For the first time in Amazon’s history, a group of the company’s U.S. warehouse workers voted to form a union, delivering a landmark victory for the labor movement and a setback for the tech giant after years of successfully resisting organized labor in its domestic operations.
In results issued Friday morning, employees at an Amazon warehouse facility in Staten Island, N.Y., voted 2,654 to 2,131 to join the Amazon Labor Union, an organization led by a former employee who was fired after leading a walkout over COVID-19 work conditions at the facility.
The final ballots were counted by the National Labor Relations Board regional office in Brooklyn, which said 8,325 workers were eligible to vote. There were 4,852 ballots counted and only 67 of those ballots were challenged. There were 17 void ballots.
“Challenges are not sufficient in number to affect the results of the election,” an NLRB official said during the tally reading.
The results of the count will not be certified until the NLRB processes any objections the parties may file. They have until April 8.
“We’re disappointed with the outcome of the election in Staten Island because we believe having a direct relationship with the company is best for our employees,” Amazon said in a statement. “We’re evaluating our options, including filing objections based on the inappropriate and undue influence by the NLRB that we and others (including the National Retail Federation and U.S. Chamber of Commerce) witnessed in this election.”
The results in New York follow Thursday’s outcome in Alabama, where workers at a fulfillment warehouse in Bessemer voted against joining the Retail, Wholesale and Department Store Union (RWDSU) by a margin of 993 to 875. But the outcome is not certain, as 416 ballots were challenged, and because that number is large enough to impact the result, the NLRB will hold a hearing to decide if any of the challenged ballots should be opened and counted.
“Every vote must be counted,” RWDSU President Stuart Appelbaum said Thursday.
Unionization was struck down by a wide margin last April in Bessemer, at the warehouse facility known as BHM1, but a second election was held after the NLRB ruled that Amazon stepped outside allowable guidelines and improperly pressured workers against unionizing the warehouse.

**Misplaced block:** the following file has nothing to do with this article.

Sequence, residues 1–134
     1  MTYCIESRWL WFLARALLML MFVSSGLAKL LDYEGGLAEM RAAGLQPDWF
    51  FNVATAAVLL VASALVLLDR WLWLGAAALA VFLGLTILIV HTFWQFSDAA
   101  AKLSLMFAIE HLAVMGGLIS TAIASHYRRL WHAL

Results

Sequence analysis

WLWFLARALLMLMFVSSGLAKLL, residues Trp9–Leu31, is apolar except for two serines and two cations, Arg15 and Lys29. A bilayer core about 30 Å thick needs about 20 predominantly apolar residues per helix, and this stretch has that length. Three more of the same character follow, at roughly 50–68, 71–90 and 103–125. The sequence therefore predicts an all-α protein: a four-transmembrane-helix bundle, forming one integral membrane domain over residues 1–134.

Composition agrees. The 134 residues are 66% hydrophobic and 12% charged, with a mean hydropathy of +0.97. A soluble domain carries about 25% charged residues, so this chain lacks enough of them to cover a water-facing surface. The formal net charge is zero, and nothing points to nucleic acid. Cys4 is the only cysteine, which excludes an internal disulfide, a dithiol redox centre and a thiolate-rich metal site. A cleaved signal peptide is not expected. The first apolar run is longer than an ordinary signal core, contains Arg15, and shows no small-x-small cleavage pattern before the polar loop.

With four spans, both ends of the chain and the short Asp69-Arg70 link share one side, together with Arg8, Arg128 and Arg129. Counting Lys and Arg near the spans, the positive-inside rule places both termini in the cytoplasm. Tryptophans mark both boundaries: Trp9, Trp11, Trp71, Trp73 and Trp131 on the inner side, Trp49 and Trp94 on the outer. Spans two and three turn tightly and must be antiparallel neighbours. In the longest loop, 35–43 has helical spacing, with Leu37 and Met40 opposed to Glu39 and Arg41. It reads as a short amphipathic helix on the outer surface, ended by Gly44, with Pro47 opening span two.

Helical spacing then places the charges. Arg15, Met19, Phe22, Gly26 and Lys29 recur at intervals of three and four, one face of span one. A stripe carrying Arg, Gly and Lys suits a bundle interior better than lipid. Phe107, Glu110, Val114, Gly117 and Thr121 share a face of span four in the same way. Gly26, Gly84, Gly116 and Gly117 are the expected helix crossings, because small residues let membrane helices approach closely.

In New York, the union effort is led by Christian Smalls, a warehouse manager who was fired in March 2020 after organizing a walkout over work conditions at the Staten Island facility known as JFK8.
“In my 25 years writing about labor, the unionization victory at the Amazon warehouse in Staten Island is by far the biggest, beating-the-odds David versus Goliath unionization win I’ve seen,” tweeted Steven Greenhouse, a former New York Times labor reporter.
CNBC also called ALU an “unlikely contender” to win the first unionized Amazon warehouse. The worker-led organization has depended on crowdsourced donations from a GoFundMe account to fund organizing activities.
Amazon’s PR strategy against Smalls, in which he was referred to as “not smart or articulate” in a leaked memo, only emboldened the union drive.
“They said they’d make me the whole face of the union effort against Amazon,” Smalls told the Guardian newspaper last year. “I’m trying to make them eat their words.”
Small reiterated that call in a tweet on Friday directed at Amazon founder Jeff Bezos and General Counsel David Zapolsky.
Among other things, Staten Island workers are now seeking longer breaks, paid time off for injured employees and an hourly wage of $30, up from a minimum of just over $18 per hour offered by the company, The Associated Press reported.
Amazon, which employs 1.1 million people in the U.S., has fought hard against the union momentum. The company has held mandatory meetings and launched an anti-union website, among other tactics. CNBC reported that Amazon hired an influential Democratic polling firm.
Margaret O’Mara, a historian, author and University of Washington professor who specializes in the history of tech and politics, told GeekWire that Amazon has sought to reduce turnover, increase efficiency, and head off union drives by raising pay and increasing benefits.
“But Staten Island shows that paying $18/hour may not be enough to compensate for a workplace built for efficiency and speedy delivery to customers, at the cost of some workers’ health and security,” O’Mara said.
Charlotte Garden, an associate professor at the Seattle University School of Law who is an expert in labor and employment law, told GeekWire that once the NLRB certifies the union’s win in Staten Island, the next step is bargaining.
“Amazon’s legal obligation is to come to the table and bargain in good faith — but the penalties for companies that fail to meet their obligations are extremely weak, and Amazon will be motivated to draw things out as much as possible,” Garden said.
Achieving a contract will likely come down to the workers’ own ability to exert their collective power, Garden said, and while she believes Amazon characterizes itself as a “progressive, high-road employer,” if the company refuses to genuinely work toward a contract, it would highlight how Amazon “fails to live up to that ideal.”
The outcome could have an impact across the tech industry and other workplaces that have avoided unionization.
“I think a lot of non-union companies are probably looking at Starbucks and Amazon and wondering if their employees are going to be the next to unionize,” Garden said. “And a lot of employees who have been asked to work under unreasonable conditions for the last two years are talking to each other about organizing, and feeling like unionizing is possible.”
This a developing story. Check back for updates.